Sunday, April 3, 2011

A Somber Saturday......Longie and Mena

I awoke Saturday morning and confirmed by the newspapers that Jason Long was the man pulled out of the river after parking his oil delivery and jumping in to the Susquehanna River earlier this week.  Jason's son and my son were on the same soccer teams and Jason coached in our baseball league.

I never really knew Jason other than donating toward his battle with leukemia.  I lost a very good friend to disease back in 2000 and knew the hell you and your family go through for treatment.

A cancer survivor myself, it can be rough going through treatment then tack on additional surgeries and the like. I know a few people with this experience.  As a survivor, I may have asked Jason once how he was doing and that was at our first meeting.  My experience was documented in the media while Jason's ordeal needed fundraisers.

With youth sports these days, often teams and players are picked randomly rather than being from the same neighborhood.  One kid could be your best teammate in basketball and your worst enemy in baseball.  It also doesn't give the parents a time to get to know each other as well.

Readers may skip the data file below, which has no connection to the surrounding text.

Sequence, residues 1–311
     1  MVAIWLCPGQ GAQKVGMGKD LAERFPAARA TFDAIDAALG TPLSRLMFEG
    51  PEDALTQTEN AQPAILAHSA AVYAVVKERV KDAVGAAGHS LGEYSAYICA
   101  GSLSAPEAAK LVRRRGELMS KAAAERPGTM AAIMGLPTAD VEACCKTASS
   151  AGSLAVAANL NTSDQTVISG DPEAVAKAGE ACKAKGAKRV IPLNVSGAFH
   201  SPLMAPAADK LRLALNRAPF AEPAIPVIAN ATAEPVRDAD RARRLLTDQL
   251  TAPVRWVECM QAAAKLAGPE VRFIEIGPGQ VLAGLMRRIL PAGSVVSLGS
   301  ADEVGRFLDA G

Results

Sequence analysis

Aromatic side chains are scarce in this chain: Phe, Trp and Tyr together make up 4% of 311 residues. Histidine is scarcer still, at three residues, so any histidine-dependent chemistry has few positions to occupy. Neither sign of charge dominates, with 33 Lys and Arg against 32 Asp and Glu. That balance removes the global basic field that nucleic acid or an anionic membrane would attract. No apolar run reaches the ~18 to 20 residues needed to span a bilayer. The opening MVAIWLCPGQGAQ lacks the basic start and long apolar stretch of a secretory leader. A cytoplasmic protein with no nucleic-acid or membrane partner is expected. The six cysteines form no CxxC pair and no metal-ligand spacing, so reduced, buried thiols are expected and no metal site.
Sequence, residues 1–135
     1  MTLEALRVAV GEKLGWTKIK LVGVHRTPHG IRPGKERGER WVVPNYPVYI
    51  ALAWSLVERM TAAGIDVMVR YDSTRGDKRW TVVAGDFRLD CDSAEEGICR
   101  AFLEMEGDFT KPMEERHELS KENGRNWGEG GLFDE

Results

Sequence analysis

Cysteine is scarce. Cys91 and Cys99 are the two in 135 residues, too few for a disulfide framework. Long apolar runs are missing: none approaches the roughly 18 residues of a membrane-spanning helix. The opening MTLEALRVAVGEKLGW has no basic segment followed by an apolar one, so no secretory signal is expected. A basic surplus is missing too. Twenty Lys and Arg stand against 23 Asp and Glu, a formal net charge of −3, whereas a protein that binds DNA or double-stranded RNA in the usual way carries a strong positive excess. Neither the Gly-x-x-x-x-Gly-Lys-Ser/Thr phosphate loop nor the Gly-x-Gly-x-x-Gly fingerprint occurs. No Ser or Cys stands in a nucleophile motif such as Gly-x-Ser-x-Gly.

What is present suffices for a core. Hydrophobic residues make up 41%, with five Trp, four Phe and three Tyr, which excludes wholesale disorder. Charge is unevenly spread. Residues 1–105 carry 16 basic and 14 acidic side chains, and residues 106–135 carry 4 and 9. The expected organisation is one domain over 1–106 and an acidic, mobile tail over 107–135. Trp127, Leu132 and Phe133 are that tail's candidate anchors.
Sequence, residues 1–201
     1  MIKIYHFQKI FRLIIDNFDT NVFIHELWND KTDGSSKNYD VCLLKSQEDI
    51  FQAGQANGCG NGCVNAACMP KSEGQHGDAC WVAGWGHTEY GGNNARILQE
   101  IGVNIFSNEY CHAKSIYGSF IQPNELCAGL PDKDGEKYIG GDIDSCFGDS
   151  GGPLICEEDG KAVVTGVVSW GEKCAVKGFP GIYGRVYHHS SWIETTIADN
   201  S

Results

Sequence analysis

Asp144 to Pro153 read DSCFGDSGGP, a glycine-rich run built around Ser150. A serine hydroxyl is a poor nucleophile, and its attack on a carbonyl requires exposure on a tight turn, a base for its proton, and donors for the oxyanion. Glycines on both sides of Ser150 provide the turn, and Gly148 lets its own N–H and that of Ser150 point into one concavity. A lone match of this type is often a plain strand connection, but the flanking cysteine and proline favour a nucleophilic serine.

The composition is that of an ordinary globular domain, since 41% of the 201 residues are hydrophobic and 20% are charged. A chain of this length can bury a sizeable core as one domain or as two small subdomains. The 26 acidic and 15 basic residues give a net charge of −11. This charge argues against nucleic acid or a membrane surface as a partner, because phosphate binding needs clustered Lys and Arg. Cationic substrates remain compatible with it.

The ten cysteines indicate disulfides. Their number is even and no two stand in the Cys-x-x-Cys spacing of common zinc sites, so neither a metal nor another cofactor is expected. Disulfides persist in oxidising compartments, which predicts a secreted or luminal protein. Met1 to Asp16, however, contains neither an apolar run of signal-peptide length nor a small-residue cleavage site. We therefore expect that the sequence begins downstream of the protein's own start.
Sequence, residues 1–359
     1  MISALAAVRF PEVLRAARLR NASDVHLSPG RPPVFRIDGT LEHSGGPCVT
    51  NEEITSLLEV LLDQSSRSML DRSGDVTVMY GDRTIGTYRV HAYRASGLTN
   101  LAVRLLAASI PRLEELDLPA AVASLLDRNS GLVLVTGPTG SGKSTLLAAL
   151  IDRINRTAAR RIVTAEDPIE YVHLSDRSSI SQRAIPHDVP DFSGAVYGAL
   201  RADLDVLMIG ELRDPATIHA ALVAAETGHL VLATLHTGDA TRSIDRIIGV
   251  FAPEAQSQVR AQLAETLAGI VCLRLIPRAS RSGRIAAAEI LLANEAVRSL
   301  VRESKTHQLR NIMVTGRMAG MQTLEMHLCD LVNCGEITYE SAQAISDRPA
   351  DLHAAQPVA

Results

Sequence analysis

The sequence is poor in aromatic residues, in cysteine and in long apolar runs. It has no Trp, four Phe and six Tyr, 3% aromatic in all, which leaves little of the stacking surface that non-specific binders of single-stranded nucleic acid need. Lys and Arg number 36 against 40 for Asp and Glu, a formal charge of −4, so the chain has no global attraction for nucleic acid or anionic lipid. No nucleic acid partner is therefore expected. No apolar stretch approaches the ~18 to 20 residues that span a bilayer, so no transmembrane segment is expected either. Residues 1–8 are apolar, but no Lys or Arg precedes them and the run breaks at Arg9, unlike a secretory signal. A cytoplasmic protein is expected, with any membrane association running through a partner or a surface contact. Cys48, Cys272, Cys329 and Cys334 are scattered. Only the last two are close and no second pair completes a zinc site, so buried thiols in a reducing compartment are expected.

I traveled to Shamokin Dam on Saturday with my youngest to do some spring-related shopping less than mile from rescuers pulled Jason from the river.  I met a young women named Mena Noll who was at Tractor Supply raising awareness for the Children's Cancer Recovery Foundation and Toxic Free Kids.  Mena was at the "Horse of Hope, Hand for Hand campaign.

Mena has been fighting for her son who had an inoperable brain tumor but is slowly on his way to recovery.  She pointed out that environmental factors have much to do with childhood cancers.  She also talked about kids being treated for cancer but not having family present due to financial hardships.   Listening about the story of her son and the heartache her family had been through is touching to say the least. 

In this day and age, listening is something we all can do.  Through years of training, I have been taught that suicide is a permanent solution to a temporary problem.  It also happens when the reasons for dying outweigh the reasons for living.  All this can happen in a matter of minutes. Hinting that this is a coward's way out is totally BS.  None of us were in Jason's shoes that afternoon.

I extend my prayers and condolences to Jason's family especially his wife and son.  My hope is that someone or others may be able to find the strength and help that they need get through a tough time. For me, his big smile will be missed.

Ed Washuta

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